Helping People Achieve Optimal Health

The goal of the Triple Aim is to help people achieve optimal health at all stages of life. This includes physical and mental health as well as social well-being. Preventing and managing chronic disease is a particular focus, given the rising prevalence of chronic diseases and the impact they have on the state’s residents.

Goal Highlights

Living Well Indicators

85 percent of Californians report good, very good, or excellent health status

As the “Golden State,” California prides itself as a place where people can enjoy a high quality of life, be healthy, and pursue their dreams. To meet this vision, Let’s Get Healthy California aims to increase the number of individuals who report good, very good, or excellent health from 85% to 90% over the next ten years.

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Reducing body mass index (BMI) by 5 percent could save California billions

If adult body mass index (BMI) was reduced by 5%, California could save $81.7 billion in obesity-related health care costs by 2030.

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Nearly 25 percent of adults say they aren’t physically active

Active individuals that participate in physical activity on a daily basis are less likely to develop chronic illnesses than those who do not. Studies also indicate that increased physical activity combined with eating a healthy diet may actually prevent or postpone a variety of chronic illnesses. Let’s Get Healthy California aims to increase the number of adults who meet physical activity guidelines.

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California has the highest number of new cases of diabetes in the nation

Diabetes is a chronic condition characterized by high levels of blood sugar resulting from issues with the body’s insulin production, insulin action, or both. Among US states, California has the highest number of new cases of diabetes.

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Sugar-sweetened beverages are associated with increased rates of obesity and other chronic health conditions

One approach to improving the overall health of Californians is to improve diet. Many Californians are looking closer at their drink choices as SSBs are one of the largest sources of added sugar in our diets.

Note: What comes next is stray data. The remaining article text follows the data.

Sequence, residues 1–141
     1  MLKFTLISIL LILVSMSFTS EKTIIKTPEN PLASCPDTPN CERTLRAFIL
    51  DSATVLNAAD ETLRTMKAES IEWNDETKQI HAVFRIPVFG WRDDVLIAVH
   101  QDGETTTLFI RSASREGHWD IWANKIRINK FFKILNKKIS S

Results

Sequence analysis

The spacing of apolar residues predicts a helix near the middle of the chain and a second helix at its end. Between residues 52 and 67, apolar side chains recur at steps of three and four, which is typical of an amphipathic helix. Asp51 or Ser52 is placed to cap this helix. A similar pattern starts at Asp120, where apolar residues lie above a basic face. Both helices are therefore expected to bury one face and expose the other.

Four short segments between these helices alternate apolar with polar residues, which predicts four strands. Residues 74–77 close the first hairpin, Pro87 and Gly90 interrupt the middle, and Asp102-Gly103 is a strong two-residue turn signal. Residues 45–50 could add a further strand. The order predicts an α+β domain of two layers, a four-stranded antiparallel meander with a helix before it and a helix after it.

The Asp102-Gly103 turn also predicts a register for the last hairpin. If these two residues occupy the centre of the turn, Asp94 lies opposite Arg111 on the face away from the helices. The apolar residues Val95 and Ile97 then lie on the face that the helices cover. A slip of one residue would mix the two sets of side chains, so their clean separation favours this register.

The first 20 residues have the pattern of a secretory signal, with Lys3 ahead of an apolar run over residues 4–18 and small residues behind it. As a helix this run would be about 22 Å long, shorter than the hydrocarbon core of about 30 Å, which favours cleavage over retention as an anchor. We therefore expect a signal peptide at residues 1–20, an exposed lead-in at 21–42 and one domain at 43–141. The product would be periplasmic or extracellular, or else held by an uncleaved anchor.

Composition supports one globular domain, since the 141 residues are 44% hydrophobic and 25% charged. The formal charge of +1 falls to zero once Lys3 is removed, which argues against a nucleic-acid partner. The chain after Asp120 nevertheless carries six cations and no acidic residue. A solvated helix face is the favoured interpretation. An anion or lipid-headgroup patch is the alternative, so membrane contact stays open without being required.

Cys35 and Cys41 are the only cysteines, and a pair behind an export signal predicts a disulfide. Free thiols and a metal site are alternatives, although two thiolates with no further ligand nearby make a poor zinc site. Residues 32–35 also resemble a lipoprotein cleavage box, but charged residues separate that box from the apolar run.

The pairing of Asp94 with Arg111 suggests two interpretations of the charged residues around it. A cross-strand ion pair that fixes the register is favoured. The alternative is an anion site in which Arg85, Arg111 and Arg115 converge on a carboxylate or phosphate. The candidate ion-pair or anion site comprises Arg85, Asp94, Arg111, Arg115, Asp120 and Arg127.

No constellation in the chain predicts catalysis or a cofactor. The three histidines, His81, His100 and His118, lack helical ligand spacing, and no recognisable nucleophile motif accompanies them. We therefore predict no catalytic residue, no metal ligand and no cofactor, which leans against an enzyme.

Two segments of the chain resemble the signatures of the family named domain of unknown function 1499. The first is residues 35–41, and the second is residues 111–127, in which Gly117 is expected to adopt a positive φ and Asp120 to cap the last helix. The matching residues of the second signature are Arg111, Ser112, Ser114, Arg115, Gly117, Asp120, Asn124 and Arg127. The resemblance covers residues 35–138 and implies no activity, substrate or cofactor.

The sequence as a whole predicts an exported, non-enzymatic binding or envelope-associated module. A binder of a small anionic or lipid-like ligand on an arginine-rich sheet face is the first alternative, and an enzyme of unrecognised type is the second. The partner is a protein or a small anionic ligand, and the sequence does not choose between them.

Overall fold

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Not eating enough fruits and vegetables contributes to poor health and risk of chronic disease

Currently only 28% of Californians meet the standard of eating fruits and vegetables five times a day.

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Adult Tobacco Use

California has led the nation in reducing smoking.

California has been a national leader in efforts to reduce smoking. As a major contributor to a range of chronic diseases, reducing smoking is a priority for living well.

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The majority of those who have a substance use disorder started using before age 18 and developed their disorder by age 20.1

Substance use has a major impact on individuals, families, and communities. Children and adolescents who use substances at an early age are more likely to face problems with substance use as adults. 2 The effects of youth alcohol and other drug use are cumulative, significantly contributing to a wide range of costly physical and mental health problems. 3 Substance use has been linked to risky health behaviors (e.g., unprotected sex, smoking), injuries, motor vehicle accidents, impaired cognitive functioning, poor academic performance, physical violence, and suicide attempts. 4
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There are twice as many suicides as homicides in California.1

Over the past decade, statewide suicide rates have been rising.1Suicide is a major health concern in California that can both have immediate and long-term impacts on individuals, families, and entire communities.1Lasting effects include, and are not limited to, change in family structure, household income, psychological impacts/disorders, chronic diseases.1 Mental health conditions are often seen as the cause of suicide, but suicide is rarely caused by any single factor.2 Other problems often contribute to suicide, such as relationship issues, substance use, physical health, and unemployment, poverty, legal, or housing stress.2
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Depression is a common and treatable condition

Good health is not limited to physical health.1 Mental health and well-being are also important. Therefore, screening and treatment for depression is an important priority for the Living Well goal.

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